Don’t for­get the gar­den amid the fes­tiv­i­ties

Buckinghamshire Advertiser - - GREEN SPACES - Ali­son Green­halgh works for en­vi­ron­men­tal char­ity Ground­work South as a hor­ti­cul­tural ther­a­pist in Iver. After a suc­cess­ful ca­reer in sales and mar­ket­ing, she re­trained as an or­ganic gar­dener and is also a master com­postert

late spring.

The ducks build their nest and have their young on our pond but once hatched, dis­ap­pear with their brood within days up the road to the river.

Cold tea kills slugs (a one-off ac­ci­den­tal oc­cur­rence).

Wad­ing through our pond to dredge the duck weed is a strangely ther­a­peu­tic and popular ac­tiv­ity (and never end­ing...)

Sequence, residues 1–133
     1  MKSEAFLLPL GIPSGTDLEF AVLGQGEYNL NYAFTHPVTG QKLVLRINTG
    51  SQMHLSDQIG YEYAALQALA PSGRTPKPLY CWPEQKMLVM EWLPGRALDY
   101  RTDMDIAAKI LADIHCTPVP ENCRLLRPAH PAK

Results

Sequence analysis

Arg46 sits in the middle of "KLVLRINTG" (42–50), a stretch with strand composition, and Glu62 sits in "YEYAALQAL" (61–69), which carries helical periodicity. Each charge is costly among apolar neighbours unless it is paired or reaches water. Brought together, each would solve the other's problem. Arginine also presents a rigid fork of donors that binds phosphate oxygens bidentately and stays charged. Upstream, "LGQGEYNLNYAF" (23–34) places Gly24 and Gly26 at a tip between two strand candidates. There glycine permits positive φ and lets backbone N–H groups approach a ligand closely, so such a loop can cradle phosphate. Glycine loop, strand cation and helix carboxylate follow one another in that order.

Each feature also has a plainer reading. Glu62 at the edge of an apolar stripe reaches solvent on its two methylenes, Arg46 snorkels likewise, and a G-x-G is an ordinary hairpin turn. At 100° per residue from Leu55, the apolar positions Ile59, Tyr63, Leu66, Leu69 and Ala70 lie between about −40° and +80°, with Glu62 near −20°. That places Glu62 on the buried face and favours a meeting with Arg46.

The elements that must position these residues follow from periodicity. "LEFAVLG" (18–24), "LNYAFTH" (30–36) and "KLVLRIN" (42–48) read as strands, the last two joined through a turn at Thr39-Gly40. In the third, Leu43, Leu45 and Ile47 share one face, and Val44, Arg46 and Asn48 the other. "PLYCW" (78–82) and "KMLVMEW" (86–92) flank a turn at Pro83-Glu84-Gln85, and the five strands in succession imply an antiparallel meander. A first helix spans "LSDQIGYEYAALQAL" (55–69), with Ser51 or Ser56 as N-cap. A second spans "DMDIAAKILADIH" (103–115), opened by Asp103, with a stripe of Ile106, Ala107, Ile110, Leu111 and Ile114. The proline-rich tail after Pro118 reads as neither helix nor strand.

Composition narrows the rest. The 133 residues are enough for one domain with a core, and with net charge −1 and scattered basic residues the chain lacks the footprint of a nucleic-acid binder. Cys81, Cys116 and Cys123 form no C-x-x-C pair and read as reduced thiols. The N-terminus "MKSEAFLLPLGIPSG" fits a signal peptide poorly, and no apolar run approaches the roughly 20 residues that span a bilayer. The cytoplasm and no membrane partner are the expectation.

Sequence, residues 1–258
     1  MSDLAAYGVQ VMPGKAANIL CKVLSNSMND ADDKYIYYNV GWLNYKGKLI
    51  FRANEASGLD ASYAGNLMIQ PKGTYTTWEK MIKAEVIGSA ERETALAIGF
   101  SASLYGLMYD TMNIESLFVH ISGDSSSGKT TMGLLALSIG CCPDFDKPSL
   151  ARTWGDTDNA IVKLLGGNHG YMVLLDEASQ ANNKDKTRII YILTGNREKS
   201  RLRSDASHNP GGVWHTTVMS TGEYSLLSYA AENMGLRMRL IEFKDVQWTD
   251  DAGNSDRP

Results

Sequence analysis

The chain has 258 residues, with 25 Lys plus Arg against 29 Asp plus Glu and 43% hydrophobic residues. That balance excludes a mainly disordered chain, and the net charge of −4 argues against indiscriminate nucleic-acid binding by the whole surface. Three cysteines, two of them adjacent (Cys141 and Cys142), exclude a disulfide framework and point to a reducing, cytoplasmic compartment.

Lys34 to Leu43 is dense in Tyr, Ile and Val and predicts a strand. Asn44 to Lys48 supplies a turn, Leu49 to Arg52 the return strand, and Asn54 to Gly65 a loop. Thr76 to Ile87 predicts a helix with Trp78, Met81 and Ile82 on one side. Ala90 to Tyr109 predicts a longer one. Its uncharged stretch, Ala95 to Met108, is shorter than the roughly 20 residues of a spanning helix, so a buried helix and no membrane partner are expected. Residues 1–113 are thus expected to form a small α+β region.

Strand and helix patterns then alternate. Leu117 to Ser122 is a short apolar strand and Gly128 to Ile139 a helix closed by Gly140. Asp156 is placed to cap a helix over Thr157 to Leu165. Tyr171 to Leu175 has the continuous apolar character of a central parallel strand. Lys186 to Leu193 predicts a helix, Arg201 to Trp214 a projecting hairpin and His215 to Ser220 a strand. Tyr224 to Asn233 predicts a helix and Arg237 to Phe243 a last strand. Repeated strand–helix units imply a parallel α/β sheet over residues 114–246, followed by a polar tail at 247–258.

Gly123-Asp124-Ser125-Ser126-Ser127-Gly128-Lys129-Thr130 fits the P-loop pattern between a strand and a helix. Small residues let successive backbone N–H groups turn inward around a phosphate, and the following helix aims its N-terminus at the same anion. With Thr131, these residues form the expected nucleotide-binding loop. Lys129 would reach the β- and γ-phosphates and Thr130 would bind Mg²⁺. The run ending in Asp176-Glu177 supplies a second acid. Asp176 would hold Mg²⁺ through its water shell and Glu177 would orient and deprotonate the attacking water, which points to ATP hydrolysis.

Duck weed is resistant to both the com­post­ing and burn­ing pro­cesses (cur­rently ex­per­i­ment­ing with slow burn­ing sys­tem in a sim­i­lar way to char­coal-mak­ing).

Newts play dead if you pick them up.

Pump­kin seeds, along with tomato seeds, over­win­ter well in a com­post heap.

Gourd fruits, dried out and painted, make fan­tas­tic Christ­mas tree baubles.

There’s a flock of para­keets nat­u­ralised in the vicin­ity.

We have a grass snake liv­ing in a com­post bin here at the En­vi­ron­ment Cen­tre.

You can make gi­ant an­gel wings out of plas­tic gar­den trel­lis, green bam­boo and re­cy­cled car­rier bags very suc­cess­fully to liven up the sen­sory gar­den for De­cem­ber.

And if you haven’t picked up the hint al­ready, if there’s any­body out there who has ex­pe­ri­ence of rid­ding a large shal­low pond of duck weed and would be happy to share their knowl­edge with us at Iver En­vi­ron­ment Cen­tre, we’d re­ally love to hear from you!

Wish­ing you all a very Happy Christ­mas and a Santa sack full of gar­den­ing good­ies.

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